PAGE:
On a sunny Wednesday afternoon in early October, accompanied by his father, Hahn arrived in his wheelchair to the Miracle League Event: Pro’s vs. CEO’s wiffle ball game. It was a group of local adults from the respective categories playing to bring awareness to the league.
“Most of our parents did not expect to have children with disabilities,” said Steve Lee, the director of Miracle League Arizona. “Our athletes did not choose to have disabilities. Mr. Hahn's life was changed in an instant; it was not his choice. He did have to choose between shutting down and pressing on. His example is one that our families can relate to. His story is inspiring to many.”
In 2010, the Census reported about 2.8 million school-aged children in the U.S. have a physical disability, which often disqualifies them from normal activities like playing baseball. Established in 2006, the Miracle League of Arizona, based out of a beautiful facility in Northern Scottsdale, gives children with cognitive or physical disabilities the chance to enjoy the game of baseball. It’s completely free, run on donations by sponsors and the community. Buddies are assigned to each child; whether it is for moral support or assistance with swinging the bat. Equipment, jerseys, easily accessible restrooms, a safe and wheelchair friendly rubberized turf baseball field and organized team games are all provided to the players and their families through the league.
“Parents tell me often that their kids sleep in their jerseys the night before a game because they are so excited,” Lee said. “As parents, we spend much of the week as a buffer trying to limit the frustration and disappointment our kids face. To have a place where our children and family members are not only accepted and included, but also encouraged and celebrated, it means everything. Our community is strengthened when everyone is valued. Not only do our players and their families benefit, but the volunteers' lives are changed. When everyone is valued, our community is a much better place to live. A little encouragement can go a long way toward changing a life.”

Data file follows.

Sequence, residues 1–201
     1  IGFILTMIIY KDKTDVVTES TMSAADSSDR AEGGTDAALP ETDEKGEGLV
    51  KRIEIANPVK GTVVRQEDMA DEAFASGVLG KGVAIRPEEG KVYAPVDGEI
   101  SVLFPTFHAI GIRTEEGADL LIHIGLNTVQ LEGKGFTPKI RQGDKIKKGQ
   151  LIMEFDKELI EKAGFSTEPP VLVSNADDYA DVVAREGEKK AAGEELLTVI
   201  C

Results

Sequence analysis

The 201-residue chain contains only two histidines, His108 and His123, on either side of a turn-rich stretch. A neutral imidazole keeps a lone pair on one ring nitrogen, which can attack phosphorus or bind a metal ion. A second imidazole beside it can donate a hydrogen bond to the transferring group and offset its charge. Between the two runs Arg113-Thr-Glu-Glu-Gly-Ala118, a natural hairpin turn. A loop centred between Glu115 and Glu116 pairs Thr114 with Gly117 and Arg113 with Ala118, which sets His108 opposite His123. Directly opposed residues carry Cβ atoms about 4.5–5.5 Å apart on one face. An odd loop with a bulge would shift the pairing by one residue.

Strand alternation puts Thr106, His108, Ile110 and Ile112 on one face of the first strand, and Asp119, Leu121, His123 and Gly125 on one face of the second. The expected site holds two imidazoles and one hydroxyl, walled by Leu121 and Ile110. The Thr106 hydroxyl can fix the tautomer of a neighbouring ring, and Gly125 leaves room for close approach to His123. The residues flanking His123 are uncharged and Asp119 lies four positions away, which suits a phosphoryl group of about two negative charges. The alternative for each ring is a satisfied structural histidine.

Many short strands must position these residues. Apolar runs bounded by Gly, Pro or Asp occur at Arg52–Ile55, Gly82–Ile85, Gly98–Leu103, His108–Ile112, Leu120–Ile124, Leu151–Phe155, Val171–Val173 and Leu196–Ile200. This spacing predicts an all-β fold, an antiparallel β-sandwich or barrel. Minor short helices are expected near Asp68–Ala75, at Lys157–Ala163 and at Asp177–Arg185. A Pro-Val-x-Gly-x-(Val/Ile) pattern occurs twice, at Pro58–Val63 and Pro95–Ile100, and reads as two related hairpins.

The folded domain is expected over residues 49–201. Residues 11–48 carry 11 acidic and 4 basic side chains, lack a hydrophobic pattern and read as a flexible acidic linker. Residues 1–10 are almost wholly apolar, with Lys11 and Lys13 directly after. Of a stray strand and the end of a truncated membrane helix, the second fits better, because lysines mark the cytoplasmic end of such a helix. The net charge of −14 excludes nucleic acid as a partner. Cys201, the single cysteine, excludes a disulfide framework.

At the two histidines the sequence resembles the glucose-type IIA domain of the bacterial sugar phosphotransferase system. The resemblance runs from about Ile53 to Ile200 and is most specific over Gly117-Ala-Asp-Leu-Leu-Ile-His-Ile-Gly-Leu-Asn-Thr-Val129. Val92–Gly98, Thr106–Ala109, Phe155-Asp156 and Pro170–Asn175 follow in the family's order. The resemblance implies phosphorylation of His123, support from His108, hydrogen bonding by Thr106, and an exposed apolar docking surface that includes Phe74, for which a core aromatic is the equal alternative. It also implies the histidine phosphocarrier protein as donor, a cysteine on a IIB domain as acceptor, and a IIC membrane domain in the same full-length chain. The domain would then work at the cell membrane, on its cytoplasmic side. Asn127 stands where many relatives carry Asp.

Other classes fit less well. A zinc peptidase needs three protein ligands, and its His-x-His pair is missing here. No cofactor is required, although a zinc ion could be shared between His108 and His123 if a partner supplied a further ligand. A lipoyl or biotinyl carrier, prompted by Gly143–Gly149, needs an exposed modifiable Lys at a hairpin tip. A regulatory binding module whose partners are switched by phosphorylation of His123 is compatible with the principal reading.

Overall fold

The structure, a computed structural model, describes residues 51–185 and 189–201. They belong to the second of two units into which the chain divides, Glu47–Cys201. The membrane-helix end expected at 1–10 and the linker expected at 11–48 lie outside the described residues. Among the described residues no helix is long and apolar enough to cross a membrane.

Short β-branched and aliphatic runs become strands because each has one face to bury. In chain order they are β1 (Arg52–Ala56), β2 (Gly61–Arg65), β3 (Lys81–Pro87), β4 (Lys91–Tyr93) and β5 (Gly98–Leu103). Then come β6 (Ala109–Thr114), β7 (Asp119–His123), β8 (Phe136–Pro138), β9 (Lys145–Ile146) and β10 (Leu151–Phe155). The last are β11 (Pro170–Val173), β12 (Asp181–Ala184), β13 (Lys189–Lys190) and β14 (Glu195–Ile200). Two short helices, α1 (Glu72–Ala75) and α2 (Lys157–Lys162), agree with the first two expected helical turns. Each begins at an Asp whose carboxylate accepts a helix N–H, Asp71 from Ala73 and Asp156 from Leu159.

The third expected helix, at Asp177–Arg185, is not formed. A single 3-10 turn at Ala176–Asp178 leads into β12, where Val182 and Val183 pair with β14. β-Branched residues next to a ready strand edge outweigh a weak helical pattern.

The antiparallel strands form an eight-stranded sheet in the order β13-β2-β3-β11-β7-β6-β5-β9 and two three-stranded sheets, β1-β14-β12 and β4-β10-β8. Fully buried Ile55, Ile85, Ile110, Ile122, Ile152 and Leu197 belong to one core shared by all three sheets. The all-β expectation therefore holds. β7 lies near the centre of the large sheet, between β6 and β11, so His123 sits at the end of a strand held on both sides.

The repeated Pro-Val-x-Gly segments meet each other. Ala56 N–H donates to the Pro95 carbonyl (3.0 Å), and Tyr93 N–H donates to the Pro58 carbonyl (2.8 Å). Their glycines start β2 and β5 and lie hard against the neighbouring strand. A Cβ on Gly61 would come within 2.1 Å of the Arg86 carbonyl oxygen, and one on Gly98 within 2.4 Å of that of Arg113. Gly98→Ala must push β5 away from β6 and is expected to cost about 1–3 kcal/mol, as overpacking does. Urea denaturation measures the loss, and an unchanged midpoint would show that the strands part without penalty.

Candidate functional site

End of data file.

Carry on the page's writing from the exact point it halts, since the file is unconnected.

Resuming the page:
It’s easy to see why Hahn visiting events like this one, is inspiring for the children who love baseball.
Hahn continually works on developing his motor skills and nervous system, and in the event he can walk again someday, he’ll be ready. He lives not far from campus with three other baseball players and plans to graduate on time from the W.P. Carey School of Business.
“I still get letters, stuff on Facebook and Twitter; people pulling for me who say I’m an inspiration,” Hahn said. “You never know what’s going to happen the very next day. I have a very optimistic outlook. The body heals in amazing ways. Five or 10 years from now it could be astronomical what I’m doing.”
As for the Miracle League of Arizona, it too is growing continuously. A playground has recently been added to the facility and a picnic area is in the works. They are always seeking more kids, families and volunteers to be involved, as the back of the league’s shirts read: “because everyone deserves the opportunity to play baseball.”
Visit www.mlaz.org for more information.